Remembering ‘Zulu warrior’ Jah Shaka

A memorial gathering for “Zulu Warrior” Jah Shaka is being held in London this month, writes Claudia Lee.

Dubbed the father of contemporary reggae and king of the sound system, Shaka passed away earlier this year on April 12.

To celebrate his life, the memorial will be held in a large, industrial-style venue in Pennington Street, Shadwell on October 22.

In a career that lasted more than 55 years, the self-styled Zulu warrior from Jamaica transformed the sound system landscape, focusing exclusively on contemporary reggae that was spiritually uplifting and politically relevant.

Shaka moved to South London from Jamaica as a child in the late 1950s as part of the Windrush generation.

He settled in Lewisham but had strong roots across the south of the capital.

Shaka’s stage name is an amalgamation of the Rastafarian term for God and that of the Zulu king Shaka Zulu.

He reinforced his shamanistic persona by never revealing his given name or other details of his personal life.

Through his masterful use of a pre-amp and a home-made siren box, he made his sound system sessions completely immersive.

Throughout the late 1970s and early 1980s, the Zulu warrior could be seen regularly at venues like Studio 200 in Balham, Cubies in Dalston, and most famously in the basement at the legendary Phoebes in Stoke Newington where he had a Friday night residency for several years.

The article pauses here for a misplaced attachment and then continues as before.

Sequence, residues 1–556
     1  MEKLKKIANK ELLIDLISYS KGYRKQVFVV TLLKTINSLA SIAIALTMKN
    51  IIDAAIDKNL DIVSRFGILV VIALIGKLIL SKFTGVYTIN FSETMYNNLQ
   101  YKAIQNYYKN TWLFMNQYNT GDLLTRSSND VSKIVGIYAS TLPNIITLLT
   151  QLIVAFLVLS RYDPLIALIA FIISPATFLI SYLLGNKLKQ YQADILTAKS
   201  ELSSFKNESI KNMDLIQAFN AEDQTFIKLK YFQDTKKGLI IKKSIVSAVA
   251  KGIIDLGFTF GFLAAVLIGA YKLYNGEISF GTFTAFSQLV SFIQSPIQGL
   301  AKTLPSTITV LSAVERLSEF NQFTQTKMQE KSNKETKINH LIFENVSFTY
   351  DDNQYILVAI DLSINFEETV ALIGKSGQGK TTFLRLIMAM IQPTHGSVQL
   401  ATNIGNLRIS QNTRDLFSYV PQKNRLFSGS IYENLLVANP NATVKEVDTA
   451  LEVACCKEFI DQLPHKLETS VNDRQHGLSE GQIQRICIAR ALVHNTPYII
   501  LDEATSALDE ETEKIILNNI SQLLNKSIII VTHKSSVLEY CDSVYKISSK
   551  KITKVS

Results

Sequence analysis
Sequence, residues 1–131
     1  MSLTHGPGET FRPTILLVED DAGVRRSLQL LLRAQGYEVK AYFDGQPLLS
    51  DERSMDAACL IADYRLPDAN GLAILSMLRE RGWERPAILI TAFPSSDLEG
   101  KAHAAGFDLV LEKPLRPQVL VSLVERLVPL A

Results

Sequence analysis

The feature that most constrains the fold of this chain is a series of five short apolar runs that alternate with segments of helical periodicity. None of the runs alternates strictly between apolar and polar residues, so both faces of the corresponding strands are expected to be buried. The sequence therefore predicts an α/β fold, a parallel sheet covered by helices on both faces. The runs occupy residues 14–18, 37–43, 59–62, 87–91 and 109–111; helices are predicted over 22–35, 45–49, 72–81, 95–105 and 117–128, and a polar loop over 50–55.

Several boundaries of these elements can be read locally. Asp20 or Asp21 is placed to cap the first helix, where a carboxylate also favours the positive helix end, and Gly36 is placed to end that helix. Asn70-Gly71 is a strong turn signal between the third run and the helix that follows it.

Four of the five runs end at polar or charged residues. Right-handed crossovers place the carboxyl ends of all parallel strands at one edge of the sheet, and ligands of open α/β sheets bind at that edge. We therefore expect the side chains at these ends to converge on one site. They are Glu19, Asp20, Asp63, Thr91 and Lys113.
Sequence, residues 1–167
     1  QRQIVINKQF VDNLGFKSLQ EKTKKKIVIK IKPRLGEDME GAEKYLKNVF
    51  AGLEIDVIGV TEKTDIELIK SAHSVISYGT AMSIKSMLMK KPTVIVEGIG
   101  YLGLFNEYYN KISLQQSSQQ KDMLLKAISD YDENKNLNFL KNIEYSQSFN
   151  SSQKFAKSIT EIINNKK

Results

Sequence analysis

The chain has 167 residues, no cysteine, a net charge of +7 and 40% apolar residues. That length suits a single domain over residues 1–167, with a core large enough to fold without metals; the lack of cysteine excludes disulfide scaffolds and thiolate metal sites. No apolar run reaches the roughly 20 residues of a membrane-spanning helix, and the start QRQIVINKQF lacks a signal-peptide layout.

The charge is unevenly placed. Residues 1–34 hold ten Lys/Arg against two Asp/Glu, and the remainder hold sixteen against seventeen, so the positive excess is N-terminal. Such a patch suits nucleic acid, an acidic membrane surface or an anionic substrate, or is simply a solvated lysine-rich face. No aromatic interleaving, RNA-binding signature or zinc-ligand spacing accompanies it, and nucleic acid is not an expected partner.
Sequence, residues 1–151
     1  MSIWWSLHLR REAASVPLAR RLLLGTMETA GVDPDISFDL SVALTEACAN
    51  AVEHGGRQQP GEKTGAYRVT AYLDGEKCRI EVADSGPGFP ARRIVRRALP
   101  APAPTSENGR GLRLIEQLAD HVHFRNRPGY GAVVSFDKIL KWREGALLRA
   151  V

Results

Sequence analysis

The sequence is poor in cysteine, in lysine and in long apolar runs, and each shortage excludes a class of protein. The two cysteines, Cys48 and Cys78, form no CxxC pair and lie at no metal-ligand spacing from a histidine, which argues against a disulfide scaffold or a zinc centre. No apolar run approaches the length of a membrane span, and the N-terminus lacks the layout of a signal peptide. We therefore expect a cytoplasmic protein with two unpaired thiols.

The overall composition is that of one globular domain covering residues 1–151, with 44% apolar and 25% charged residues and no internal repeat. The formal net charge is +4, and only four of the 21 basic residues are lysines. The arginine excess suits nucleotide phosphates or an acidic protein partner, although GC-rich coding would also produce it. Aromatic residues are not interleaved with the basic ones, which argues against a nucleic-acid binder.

For the memorial, venue doors will open at 2pm and a day and night celebration hosting some of the best reggae bands and dance groups will begin.

Young Warrior Sound System – the son of Shaka – will headline the event.

Playing all over Europe, Young Warrior has developed his own unique sound as well as working as a producer for many years.

The Young Warrior’s DJ set plays roots and culture dub music from the 1970s until now to connect with all generations like his father.

Also appearing on the music stage will be British reggae rhythm section Mafia and Fluxy Band, international drumming group, Beat Alliance, and The Twinkle Brothers – now led by Twinkle Brothers founder Norman Grant.

The Twinkle Brothers were formed in 1962 by brothers Norman Grant on vocals and drums alongside Ralston Grant on vocals and rhythm guitar who grew up in Falmouth, Jamaica.

Shaka’s legacy lives on through the Twinkle Brothers – who he produced.

Earlier this year in June they played a half-hour main stage musical tribute on Roots Day, at the Lambeth country show.

But the celebration is more than just music.

The east London venue will have three rooms, a live stage show and sound system, a film room showing rare interview footage, visuals and memorabilia of Shaka and a room serving Caribbean Food, that will be decorated with legacy posters for people to get together and reflect.

Head down to Pennington Street, Shadwell, on October 22, to experience the official memorial of Jah Shaka.


Picture: Jah Shaka Picture: Anviss, Flickr

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